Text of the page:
New Mexico Attorney General orders Questa school board member to step down

Felony conviction renders Ellis Garcia ineligible to serve

Doug Cantwell
dcantwell@taosnews.com
Posted 10/22/19

Questa school board member Ellis Garcia was issued a letter today (Oct. 23) by the New Mexico Attorney General's office advising him to step down from his position within 14 days due to Garcia's 1992 felony conviction for conspiracy to commit arson.

You have exceeded your story limit for this 30-day period.

Please log in to continue

Log in

New Mexico Attorney General orders Questa school board member to step down

Felony conviction renders Ellis Garcia ineligible to serve

Posted

Questa school board member Ellis Garcia was issued a letter today (Oct. 23) by the New Mexico Attorney General's office advising him to step down from his position within 14 days due to a felony conviction in Garcia's past. 

According to the letter, which was signed by Chief Deputy Attorney General Tania Maestas, "New Mexico state law is explicit in barring individuals convicted of a felony from being qualified to be elected or appointed to any public office. See NMSA 1978, §§ 10-1-2 (2013); 31-13-1(E) (2005)."

The letter continues, "An individual convicted of a felony is prohibited from holding public office in New Mexico unless they have been pardoned or restored to political rights, and refusing to resign from public office may subject such individual to civil and criminal sanctions."

Garcia revealed the felony, a 1992 conviction for conspiracy to commit arson, at an Oct. 9 forum for school board candidates  held in Questa. He also told attendees, "I have as much right to serve as anyone in this community," noting that he had received a deferred sentence, that he had broken no laws since then and added that he had received an honorable discharge from the Army that same year.

However, Garcia did not provide a letter of pardon or certificate from the governor regarding his felony conviction and eligibility to serve. After learning of the conviction, members of the community filed complaints with both the district attorney's and secretary of state's offices. 

As reported  previously by the Taos News (Oct. 17), Garcia was also charged in Taos County in 1995 with criminal sexual penetration and criminal sexual contact with a minor (under age 13).  That case, however, was dismissed without prejudice after prosecutors failed to notify Garcia of a target date for a grand jury hearing.

Garcia  could not be reached for comment before press time on Wednesday (Oct. 23). 

Garcia was appointed to the board to fill a vacancy in February 2017, so had not previously been elected. He had registered for the Nov. 5, 2019 election and declined to withdraw his candidacy after being advised of the law prohibiting convicted felons from holding public office.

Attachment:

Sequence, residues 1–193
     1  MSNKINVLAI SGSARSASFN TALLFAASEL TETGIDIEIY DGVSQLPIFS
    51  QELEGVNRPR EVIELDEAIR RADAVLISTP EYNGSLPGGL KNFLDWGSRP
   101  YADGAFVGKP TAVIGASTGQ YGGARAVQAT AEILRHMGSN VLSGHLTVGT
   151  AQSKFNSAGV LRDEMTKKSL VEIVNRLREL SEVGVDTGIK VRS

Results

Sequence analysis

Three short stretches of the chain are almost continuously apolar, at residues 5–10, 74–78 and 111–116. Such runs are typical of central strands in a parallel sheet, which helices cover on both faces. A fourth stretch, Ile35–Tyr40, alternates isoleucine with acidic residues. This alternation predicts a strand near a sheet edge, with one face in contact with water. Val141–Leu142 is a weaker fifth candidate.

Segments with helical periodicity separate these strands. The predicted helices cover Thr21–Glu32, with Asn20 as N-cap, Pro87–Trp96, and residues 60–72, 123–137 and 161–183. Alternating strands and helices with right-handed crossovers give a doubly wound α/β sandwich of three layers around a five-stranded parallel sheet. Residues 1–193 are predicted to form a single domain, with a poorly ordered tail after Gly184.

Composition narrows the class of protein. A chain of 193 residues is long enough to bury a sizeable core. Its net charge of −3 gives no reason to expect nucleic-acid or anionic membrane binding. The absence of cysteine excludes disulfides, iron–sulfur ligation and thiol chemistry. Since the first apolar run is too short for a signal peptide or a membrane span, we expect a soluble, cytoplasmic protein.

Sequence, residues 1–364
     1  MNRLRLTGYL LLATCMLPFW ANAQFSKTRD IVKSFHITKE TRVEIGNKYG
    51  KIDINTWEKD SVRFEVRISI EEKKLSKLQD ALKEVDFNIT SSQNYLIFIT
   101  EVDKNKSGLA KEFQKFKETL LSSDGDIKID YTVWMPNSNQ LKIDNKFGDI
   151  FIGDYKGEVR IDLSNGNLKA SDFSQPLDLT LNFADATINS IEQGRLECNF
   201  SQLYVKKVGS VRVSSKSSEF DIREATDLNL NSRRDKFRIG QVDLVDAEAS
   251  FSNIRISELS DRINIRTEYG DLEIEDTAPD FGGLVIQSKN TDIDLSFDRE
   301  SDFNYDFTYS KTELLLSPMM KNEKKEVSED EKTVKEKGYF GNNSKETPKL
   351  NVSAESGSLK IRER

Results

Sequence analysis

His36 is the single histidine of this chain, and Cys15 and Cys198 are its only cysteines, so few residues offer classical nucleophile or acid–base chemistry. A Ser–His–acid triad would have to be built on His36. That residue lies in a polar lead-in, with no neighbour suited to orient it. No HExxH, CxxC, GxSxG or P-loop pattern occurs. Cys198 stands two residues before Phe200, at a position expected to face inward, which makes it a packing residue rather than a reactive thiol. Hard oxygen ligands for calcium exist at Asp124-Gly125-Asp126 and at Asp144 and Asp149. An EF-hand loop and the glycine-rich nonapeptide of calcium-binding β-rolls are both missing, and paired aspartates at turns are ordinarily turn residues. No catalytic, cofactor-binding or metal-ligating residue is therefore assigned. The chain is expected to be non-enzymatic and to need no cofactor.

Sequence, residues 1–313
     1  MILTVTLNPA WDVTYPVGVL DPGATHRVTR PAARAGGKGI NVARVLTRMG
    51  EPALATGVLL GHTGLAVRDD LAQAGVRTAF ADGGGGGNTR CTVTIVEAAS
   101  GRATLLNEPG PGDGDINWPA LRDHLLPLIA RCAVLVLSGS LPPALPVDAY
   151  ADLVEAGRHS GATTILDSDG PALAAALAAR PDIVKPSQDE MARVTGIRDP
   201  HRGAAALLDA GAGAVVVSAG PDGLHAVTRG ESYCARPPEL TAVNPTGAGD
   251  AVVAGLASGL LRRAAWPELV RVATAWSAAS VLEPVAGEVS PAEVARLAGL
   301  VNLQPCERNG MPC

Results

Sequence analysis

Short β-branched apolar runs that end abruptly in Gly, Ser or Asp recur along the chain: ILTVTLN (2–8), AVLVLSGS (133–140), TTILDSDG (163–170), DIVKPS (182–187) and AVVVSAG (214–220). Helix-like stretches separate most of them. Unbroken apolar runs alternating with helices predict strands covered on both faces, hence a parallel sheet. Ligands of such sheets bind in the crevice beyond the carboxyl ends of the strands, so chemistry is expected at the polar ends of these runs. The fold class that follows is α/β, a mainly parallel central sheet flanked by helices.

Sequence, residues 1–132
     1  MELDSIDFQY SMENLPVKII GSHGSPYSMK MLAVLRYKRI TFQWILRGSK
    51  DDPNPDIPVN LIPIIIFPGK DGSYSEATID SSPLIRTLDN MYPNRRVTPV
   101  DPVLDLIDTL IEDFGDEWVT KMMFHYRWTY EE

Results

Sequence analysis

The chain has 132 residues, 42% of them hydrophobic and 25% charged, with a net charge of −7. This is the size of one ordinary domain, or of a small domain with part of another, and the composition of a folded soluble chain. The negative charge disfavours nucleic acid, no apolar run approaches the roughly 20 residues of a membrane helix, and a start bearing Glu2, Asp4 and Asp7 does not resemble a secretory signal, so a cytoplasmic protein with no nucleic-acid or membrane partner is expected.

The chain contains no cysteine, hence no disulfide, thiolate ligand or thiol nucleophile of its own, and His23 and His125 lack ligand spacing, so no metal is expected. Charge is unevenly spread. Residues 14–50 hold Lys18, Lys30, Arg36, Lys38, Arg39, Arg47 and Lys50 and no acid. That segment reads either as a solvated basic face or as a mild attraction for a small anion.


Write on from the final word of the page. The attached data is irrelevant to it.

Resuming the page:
"No, I'm not withdrawing," he said in an Oct. 15 phone interview with the Taos News. "I could die next week, or tomorrow. My kidneys are done. I'm going to live what life I have left to the fullest."

Garcia was diagnosed with renal failure in June of this year. He's undergone dialysis three times a week since then and is on a waiting list for a kidney transplant.

A copy of Garcia's candidate registration document from the Taos County Clerk's office shows that he was only required to affirm his residence in the Questa district. The form doesn't ask whether he had ever been convicted of a felony.

Board actions remain in question

Costilla residents in particular are asking whether this nullifies actions approved by the board during Garcia's tenure, particularly the recent Sept. 17 decision to permanently close their elementary school, the tiny but high-performing Río Costilla Southwest Academy of Learning. 

Another action that is now in question is the board's Sept. 13 decision to investigate allegations of attempted bribery against board member Tammy Jaramillo, her husband, county manager Brent Jaramillo, and former board president Bernie Torres.  According to Garcia, the three had offered him assistance with his medical bills and possible political favors in exchange for his vote to keep the Río Costilla school open. 

The Jaramillos and Torres acknowledged that they had offered to help with Garcia's expenses but flatly denied they had ever made it contingent on his vote.

One of the three candidates running against Garcia, Vivian Vallejos-Apodaca, withdrew her candidacy Oct. 16 for family health reasons. Two candidates remain on the ballot for board position 2 – Rebecca Griego and Cori Jenkins. 

Comments


Private mode detected!

In order to read our site, please exit private/incognito mode or log in to continue.